Pancreaticogastrostomy following distal pancreatectomy prevents pancreatic fistula-related complications

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The most common postoperative complication after distal pancreatectomy (DP) is still postoperative pancreatic fistula (POPF), which is closely associated with other major complications and remains an unsolved problem.


This retrospective study included 47 consecutive patients who underwent a distal pancreatectomy with (DP-PG group, n = 21) or without (DP group, n = 26) duct-to-mucosa pancreaticogastrostomy from June 2010 to May 2012. Clinical data including POPF-related complications (POPF, fluid collection, intra-abdominal abscess, bleeding and delayed gastric emptying) as a primary endpoint were compared between the two groups.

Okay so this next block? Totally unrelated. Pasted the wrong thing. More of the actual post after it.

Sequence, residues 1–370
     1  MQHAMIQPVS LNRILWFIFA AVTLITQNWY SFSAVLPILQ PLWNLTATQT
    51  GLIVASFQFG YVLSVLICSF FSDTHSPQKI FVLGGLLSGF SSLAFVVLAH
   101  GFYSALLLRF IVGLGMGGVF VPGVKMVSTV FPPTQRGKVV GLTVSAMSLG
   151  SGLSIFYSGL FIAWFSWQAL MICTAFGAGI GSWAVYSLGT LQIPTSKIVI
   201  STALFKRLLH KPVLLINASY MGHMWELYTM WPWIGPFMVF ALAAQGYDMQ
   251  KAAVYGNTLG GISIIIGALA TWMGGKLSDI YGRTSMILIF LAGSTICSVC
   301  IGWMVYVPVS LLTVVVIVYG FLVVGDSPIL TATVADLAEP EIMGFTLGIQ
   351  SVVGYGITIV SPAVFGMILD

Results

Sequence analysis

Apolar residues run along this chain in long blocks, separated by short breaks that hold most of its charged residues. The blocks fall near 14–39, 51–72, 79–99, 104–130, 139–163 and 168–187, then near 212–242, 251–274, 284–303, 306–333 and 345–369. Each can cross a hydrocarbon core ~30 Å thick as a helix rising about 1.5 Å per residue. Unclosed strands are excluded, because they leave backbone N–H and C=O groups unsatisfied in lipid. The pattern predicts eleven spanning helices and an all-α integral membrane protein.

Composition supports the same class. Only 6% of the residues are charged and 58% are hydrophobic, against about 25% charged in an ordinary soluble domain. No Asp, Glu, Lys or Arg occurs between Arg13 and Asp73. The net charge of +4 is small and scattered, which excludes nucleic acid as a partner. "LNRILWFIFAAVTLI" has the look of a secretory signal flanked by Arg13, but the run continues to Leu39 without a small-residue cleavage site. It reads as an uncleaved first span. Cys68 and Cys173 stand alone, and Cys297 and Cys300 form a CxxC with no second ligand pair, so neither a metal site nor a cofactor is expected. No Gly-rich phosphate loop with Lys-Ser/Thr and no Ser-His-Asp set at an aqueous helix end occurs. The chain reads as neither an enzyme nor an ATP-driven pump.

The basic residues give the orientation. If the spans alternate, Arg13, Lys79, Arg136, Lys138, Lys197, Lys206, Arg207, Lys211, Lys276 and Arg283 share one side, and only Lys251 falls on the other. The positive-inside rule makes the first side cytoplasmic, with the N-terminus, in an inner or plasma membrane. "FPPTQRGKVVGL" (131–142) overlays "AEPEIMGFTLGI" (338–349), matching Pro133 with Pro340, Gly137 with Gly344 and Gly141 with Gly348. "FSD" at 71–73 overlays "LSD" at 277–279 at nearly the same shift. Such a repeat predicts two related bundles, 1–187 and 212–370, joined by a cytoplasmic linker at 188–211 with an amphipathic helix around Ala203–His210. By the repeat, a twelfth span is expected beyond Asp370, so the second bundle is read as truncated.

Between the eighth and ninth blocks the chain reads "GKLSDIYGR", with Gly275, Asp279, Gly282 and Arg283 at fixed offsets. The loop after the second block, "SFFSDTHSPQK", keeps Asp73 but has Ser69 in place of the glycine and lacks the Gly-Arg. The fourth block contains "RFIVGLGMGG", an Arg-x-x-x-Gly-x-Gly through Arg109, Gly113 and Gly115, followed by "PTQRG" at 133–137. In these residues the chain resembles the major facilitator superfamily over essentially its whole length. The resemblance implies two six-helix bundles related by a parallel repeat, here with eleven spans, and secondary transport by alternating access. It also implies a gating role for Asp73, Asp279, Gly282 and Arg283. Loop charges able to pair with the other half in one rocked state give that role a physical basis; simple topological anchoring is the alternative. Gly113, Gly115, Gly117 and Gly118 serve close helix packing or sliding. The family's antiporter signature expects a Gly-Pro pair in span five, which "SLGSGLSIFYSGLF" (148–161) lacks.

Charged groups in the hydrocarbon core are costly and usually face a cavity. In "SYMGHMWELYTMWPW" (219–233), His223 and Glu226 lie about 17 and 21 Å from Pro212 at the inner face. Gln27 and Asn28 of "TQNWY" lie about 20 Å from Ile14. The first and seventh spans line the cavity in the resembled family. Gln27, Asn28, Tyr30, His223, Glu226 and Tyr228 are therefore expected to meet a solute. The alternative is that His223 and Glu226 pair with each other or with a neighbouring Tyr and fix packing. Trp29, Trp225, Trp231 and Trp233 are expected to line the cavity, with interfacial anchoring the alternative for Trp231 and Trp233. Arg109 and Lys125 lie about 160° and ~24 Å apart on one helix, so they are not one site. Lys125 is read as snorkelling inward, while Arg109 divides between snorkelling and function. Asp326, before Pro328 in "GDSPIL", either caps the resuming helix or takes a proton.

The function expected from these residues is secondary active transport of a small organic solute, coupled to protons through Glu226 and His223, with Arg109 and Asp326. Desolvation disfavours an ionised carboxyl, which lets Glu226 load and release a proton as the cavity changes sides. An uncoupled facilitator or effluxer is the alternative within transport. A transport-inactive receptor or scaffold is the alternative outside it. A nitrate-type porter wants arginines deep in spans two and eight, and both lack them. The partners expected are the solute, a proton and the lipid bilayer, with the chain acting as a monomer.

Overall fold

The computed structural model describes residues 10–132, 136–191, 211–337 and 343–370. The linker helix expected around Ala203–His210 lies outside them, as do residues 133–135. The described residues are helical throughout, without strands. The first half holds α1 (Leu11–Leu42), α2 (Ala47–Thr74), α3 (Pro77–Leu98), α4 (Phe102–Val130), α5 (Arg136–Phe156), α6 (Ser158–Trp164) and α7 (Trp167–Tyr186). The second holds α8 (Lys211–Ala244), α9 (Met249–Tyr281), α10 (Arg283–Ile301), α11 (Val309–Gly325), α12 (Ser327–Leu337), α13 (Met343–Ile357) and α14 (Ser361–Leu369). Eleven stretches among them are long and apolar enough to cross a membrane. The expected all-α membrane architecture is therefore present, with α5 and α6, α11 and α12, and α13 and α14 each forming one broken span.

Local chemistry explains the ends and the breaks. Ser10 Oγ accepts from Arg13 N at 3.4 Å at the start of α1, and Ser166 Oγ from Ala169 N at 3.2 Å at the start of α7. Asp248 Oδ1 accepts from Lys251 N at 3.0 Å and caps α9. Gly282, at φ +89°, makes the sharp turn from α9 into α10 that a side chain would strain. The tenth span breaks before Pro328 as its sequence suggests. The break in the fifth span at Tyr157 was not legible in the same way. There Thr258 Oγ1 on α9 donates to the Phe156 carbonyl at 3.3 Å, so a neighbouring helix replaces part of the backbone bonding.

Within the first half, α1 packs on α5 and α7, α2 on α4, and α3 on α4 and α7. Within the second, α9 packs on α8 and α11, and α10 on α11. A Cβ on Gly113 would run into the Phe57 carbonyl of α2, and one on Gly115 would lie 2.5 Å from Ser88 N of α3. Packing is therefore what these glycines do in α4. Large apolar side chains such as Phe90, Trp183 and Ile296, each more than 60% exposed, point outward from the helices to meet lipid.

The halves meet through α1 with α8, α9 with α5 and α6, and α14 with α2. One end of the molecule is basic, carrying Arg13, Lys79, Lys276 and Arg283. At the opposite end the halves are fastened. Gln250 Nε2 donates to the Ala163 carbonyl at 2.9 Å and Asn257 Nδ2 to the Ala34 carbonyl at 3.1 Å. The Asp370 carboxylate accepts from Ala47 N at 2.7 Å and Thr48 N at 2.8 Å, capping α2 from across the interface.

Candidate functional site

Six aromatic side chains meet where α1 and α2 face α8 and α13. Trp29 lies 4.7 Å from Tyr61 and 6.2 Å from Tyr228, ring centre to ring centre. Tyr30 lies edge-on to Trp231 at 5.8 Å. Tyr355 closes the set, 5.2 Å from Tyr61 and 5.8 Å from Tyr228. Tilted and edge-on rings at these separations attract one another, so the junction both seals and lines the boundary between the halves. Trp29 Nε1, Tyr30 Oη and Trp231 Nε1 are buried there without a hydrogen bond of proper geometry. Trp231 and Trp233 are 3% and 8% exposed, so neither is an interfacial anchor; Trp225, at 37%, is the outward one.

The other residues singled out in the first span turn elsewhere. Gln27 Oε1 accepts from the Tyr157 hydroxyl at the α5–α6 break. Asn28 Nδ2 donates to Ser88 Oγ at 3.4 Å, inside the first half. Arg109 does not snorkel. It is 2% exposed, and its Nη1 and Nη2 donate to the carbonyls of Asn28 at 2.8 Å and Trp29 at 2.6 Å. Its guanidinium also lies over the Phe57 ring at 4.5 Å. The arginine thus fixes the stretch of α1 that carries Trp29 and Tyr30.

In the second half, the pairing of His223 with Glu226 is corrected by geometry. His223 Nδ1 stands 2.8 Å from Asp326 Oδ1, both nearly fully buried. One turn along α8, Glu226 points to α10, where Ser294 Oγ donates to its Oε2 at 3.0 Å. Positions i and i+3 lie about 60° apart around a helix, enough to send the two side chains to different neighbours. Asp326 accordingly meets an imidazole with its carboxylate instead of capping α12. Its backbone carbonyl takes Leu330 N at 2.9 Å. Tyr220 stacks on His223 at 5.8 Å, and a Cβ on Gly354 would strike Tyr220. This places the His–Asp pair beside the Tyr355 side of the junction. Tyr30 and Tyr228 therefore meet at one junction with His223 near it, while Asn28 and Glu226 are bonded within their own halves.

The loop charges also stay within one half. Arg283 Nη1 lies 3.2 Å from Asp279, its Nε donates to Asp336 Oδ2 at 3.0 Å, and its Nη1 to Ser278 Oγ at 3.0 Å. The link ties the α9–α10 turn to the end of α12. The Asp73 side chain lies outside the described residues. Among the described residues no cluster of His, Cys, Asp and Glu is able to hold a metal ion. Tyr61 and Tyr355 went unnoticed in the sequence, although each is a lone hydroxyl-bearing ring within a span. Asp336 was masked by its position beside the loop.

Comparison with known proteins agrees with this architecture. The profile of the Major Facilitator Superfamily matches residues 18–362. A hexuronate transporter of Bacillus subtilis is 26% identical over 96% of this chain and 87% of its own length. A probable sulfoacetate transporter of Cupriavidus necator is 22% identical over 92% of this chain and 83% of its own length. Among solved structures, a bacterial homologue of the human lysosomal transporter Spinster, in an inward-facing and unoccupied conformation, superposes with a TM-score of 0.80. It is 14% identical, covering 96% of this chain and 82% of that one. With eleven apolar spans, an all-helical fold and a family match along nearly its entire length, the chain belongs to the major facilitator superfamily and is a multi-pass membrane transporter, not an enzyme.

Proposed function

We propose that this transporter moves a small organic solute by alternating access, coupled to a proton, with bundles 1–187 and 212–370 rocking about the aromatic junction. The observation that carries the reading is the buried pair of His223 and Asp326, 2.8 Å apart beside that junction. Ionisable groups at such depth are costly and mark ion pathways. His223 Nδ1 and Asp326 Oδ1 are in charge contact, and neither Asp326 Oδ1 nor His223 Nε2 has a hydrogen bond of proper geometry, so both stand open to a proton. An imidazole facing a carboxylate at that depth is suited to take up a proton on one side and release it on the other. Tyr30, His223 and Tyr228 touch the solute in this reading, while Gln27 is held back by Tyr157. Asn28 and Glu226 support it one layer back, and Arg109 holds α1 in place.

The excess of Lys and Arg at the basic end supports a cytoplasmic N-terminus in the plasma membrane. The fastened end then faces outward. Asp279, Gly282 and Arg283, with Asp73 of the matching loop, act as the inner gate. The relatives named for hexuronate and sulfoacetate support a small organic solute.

The frequencies of POPF-related complications as well as overall POPF and complications in the DP-PG group were lower than in the DP group (P = 0.037, P < 0.001, respectively). The 30 days morbidity after hospital discharge in the DP-PG group was less than in the DP group (P = 0.014). In both groups median hospital stay was similar. Although additional time needed for pancreaticogastrostomy was 35 (20–55) min, there was no difference in operative times. Patients in the DP group had a higher medical cost for hospitalization than the DP-PG group (P = 0.048).


Pancreaticogastrostomy as an additional procedure following distal pancreatectomy was associated with a reduced rate of POPF-related complications that resulted in relatively lower medical cost for hospitalization.

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